Fascinating piece on Google Maps history and possible directions…
So Google likely knows what’s inside all of the buildings it has extracted. And as Google gets closer and closer to capturing every building in the world, it’s likely that Google will start highlighting / lighting up buildings related to queries and search results.
This will be really cool when Google’s/Waymo’s self-driving cars have AR displays. One can imagine pointing out the window at a building and being able to see what’s inside.
The top 1 percent in income among American men live 15 years longer than the poorest 1 percent; for women, the gap is 10 years. These rich Americans have gained three years of longevity just in this century. They live longer almost without regard to where they live. Poor Americans had very little gain as a whole, with big differences among different places.
I’ve always loved maps and map-making. As a kid, I filled notebooks with imaginary island countries or continents (and their cities) on alien planets. My favorite cartoon was Tailspin because of that fantastic rock formation that ringed their island. Many of the framed pictures in my office (and our home) are maps or geography related now.
My favorite class in high school was my 9th Grade Geography class. I rocked that class and I’d quit my job today and go get a degree in Geography or Cartography if I had any real guts (follow your passions, kids). Maps are time machines. They take accumulated knowledge and transport ideas into the future. They are magical and products of our best hopes (or deepest sins).
Brilliant Maps is one of my favorite sites on the web, and I highly recommend / warn you view it (serious rat hole timesuck if you’re being “productive”).
I try hard to let my daughters and my son develop their own interests and not over-influence their choices in life (well, besides Star Wars but that’s a given). I see my 8 year old constantly observing me and picking up my copies of X-Men trade paperbacks that I “casually” leave on our coffee table after reading, and my 5 year old asking what show I want to watch on Netflix. I see my newborn son tracking me with his eyes and watching my hands fly across my clickety clackety keyboard (as MH calls it) while he fights a nap as he lays on his playmat and I sneak in some work at my desk. It’s inevitable we heavily influence our kids’ choices, of course. I just don’t want to ever be that parent reliving my glory days on the baseball or golf team through them. I want them to discover agency and identity in a positive way that feels so hard to create in our over-protective-surveillance-bubble-wrapped-life that we’ve created with our mobile phones and low attention spans. Don’t get me started on GPS devices.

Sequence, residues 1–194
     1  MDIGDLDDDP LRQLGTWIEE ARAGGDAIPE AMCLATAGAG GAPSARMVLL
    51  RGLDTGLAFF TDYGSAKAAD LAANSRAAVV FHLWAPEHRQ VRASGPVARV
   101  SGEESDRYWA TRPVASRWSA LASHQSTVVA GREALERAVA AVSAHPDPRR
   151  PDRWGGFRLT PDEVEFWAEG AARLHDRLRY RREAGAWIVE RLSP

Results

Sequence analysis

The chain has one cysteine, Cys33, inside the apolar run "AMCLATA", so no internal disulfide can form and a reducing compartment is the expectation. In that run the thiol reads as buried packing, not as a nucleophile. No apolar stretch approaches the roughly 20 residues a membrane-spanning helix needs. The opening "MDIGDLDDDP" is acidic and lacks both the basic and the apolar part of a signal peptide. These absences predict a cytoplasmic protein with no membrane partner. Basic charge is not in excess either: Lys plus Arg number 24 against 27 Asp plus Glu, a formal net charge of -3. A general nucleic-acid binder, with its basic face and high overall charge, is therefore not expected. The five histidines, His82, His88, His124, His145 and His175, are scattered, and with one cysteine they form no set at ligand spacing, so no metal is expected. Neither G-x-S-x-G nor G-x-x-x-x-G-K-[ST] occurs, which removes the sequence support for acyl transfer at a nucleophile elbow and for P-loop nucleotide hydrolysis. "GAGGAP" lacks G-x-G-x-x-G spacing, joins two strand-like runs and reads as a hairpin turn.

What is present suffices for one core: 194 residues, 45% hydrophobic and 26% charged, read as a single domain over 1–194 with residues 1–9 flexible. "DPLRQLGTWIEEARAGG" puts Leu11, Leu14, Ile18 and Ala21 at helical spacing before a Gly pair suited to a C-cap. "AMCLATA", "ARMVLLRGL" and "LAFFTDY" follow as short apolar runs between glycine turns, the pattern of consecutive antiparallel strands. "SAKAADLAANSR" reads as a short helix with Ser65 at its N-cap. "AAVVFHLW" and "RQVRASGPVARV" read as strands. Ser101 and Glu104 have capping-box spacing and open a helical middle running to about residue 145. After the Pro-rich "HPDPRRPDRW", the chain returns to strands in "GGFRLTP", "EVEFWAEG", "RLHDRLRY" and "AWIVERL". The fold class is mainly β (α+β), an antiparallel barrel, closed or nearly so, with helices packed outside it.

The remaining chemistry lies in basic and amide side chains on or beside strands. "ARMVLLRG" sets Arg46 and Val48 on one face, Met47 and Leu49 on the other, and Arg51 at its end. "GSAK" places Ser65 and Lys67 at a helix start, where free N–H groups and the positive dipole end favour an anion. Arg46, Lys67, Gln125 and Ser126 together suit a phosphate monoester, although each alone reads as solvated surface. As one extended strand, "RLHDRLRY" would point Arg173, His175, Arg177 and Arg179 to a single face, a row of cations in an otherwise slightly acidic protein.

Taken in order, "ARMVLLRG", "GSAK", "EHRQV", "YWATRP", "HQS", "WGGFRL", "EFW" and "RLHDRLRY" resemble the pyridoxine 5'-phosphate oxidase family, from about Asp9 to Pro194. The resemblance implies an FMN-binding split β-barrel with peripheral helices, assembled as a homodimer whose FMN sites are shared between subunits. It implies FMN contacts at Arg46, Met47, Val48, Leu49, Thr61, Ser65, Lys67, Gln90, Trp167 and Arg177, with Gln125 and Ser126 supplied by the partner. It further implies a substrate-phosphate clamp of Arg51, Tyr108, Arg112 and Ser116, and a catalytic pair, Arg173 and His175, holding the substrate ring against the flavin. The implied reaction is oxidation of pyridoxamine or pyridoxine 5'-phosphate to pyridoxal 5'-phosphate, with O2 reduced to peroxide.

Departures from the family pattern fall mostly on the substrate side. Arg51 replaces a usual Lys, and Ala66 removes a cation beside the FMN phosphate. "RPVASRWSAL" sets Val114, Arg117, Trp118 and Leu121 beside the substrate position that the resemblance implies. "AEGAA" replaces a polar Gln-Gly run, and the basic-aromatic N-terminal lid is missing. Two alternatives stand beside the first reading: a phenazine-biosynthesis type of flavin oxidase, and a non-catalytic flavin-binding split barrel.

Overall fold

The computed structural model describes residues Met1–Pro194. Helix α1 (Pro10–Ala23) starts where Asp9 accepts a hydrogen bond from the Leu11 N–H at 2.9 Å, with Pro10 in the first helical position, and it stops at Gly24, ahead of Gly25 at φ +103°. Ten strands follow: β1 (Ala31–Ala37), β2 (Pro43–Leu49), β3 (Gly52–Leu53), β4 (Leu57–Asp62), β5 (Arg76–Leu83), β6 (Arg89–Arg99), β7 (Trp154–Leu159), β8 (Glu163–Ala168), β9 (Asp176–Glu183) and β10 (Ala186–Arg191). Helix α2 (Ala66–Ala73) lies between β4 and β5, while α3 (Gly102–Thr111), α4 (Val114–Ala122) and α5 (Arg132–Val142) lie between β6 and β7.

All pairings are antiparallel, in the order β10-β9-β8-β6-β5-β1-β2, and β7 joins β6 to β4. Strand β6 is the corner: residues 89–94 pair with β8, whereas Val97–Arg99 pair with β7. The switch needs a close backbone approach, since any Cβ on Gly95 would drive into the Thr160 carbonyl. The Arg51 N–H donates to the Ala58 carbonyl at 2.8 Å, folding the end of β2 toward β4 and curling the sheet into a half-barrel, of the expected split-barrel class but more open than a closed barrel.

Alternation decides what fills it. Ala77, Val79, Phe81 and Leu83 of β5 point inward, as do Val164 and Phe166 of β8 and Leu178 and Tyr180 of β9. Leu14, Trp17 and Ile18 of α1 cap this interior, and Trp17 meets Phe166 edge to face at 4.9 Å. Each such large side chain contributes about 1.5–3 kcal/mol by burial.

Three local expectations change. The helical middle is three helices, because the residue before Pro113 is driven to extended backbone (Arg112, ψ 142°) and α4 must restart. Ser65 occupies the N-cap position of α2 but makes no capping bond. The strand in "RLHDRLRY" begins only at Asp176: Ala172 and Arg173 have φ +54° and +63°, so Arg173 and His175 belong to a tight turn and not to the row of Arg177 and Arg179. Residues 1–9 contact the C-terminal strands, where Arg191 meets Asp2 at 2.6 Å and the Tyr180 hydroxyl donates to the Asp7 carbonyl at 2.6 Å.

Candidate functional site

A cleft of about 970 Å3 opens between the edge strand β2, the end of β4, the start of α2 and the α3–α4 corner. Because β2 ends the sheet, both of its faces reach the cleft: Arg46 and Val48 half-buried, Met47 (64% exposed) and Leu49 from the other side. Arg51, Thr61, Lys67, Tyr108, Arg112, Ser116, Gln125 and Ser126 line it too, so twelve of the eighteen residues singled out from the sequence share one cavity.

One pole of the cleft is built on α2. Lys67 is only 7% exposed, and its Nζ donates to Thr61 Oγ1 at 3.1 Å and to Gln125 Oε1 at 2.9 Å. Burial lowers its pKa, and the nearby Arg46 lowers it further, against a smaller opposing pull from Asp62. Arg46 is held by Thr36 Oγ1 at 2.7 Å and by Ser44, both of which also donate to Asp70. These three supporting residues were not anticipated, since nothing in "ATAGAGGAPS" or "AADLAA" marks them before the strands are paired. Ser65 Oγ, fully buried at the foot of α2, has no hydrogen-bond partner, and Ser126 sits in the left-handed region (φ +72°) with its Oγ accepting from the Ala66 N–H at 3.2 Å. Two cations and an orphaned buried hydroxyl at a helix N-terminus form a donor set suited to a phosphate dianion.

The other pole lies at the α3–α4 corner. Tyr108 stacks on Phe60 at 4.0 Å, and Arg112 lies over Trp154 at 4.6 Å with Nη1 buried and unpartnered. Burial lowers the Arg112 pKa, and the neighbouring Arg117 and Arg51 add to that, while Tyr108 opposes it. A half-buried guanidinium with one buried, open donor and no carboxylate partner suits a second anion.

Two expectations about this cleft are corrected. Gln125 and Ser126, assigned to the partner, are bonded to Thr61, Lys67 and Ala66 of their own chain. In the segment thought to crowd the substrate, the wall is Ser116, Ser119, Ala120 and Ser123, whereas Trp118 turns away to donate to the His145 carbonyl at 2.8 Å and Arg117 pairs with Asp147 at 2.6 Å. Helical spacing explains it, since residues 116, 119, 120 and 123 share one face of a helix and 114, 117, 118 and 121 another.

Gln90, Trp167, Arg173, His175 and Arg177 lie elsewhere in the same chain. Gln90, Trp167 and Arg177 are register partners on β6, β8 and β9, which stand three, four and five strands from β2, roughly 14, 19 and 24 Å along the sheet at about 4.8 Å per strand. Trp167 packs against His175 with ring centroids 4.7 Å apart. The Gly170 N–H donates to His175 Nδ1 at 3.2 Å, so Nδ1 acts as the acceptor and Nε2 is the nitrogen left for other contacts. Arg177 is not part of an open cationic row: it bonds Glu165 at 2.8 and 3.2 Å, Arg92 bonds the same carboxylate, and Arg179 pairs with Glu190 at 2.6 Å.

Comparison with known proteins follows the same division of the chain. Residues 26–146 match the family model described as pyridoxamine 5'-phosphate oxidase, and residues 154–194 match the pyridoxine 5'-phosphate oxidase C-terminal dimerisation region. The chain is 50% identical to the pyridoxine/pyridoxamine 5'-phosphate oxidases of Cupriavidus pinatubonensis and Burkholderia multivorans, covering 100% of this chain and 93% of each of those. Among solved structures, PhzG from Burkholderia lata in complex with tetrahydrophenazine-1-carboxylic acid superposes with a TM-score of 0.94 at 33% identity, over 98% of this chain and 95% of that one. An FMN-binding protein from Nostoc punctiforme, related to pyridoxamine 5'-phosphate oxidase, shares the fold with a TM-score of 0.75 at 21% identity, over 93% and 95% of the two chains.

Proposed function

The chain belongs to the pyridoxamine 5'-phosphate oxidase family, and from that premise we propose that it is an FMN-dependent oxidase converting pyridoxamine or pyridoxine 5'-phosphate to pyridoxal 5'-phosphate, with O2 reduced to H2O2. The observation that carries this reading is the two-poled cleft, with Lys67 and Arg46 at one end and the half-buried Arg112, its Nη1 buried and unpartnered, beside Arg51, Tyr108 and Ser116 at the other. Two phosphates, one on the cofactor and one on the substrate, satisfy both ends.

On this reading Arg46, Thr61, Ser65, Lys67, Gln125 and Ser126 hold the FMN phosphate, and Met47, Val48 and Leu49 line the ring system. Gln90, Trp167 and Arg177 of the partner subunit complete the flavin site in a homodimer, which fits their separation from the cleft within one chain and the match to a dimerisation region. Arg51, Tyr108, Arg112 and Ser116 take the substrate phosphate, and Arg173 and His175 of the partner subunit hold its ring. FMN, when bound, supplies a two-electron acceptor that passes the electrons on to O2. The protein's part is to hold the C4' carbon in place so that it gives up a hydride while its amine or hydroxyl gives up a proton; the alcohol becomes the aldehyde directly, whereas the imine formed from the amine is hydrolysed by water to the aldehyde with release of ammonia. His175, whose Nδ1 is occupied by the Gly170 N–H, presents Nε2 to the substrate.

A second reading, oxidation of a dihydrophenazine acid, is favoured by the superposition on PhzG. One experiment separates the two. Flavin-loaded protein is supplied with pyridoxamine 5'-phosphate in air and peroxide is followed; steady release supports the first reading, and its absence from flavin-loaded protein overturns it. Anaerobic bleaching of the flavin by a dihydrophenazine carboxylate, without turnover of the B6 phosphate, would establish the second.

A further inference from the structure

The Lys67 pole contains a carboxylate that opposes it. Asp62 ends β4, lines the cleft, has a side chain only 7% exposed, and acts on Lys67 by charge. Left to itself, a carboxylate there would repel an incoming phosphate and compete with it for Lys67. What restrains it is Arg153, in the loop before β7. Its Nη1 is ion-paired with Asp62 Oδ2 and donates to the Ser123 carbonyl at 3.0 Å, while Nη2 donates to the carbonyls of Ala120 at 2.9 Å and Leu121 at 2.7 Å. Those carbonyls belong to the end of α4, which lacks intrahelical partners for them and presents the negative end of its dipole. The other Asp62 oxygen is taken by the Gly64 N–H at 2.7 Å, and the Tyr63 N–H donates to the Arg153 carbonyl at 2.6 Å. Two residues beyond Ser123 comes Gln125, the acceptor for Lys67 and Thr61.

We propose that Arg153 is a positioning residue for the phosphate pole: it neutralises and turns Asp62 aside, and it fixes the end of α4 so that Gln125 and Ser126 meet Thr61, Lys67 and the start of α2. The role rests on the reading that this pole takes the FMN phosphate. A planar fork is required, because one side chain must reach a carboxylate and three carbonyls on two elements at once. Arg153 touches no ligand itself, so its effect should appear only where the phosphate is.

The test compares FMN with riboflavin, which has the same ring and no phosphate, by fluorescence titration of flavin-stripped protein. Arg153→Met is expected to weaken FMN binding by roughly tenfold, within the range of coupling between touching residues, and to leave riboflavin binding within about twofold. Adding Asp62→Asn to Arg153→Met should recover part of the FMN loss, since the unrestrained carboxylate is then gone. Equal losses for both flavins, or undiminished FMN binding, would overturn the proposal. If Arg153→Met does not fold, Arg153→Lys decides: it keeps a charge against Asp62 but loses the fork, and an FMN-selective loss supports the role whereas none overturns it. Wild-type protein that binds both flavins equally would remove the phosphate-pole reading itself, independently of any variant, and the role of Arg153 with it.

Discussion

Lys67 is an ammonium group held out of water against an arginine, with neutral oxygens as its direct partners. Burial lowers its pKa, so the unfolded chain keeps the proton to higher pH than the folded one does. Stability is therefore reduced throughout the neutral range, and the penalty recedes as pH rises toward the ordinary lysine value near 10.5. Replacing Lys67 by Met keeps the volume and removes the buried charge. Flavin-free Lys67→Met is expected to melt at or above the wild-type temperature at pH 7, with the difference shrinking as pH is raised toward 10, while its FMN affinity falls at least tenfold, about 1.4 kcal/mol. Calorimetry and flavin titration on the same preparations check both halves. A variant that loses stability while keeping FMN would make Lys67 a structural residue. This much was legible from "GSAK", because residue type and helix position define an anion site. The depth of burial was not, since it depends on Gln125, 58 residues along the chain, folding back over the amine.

One of the things I secretly hope all three of them really come to discover, value, and have a life-long obsession over are maps and geography.
So, if you’re reading this MH, LC or Jr in some future time (I wonder what device my kids could possibly be reading this text on in, say, 50 years… I bet it’s some sort of a neural network link where you can dip into the stream of history and experience any recent time / place / event virtually as if you were there… possibly even talk to a person who is “dead” but very much alive in the digital universe… weird… and yes, I have a “digital death plan” in place to have this site and many other things I manage keep going in the unfortunate (?) event I kick the bucket unexpectedly) after I’ve recycled my atoms back to the universe, I hope you like maps as much as I do. You’ll find some of my favorite books on the “maps” shelf on one of our bookcases and there are some hidden surprises in there for y’all.
Otherwise, if you read this and I’m still a breathing entity…stay away from my books and go get your own from the library.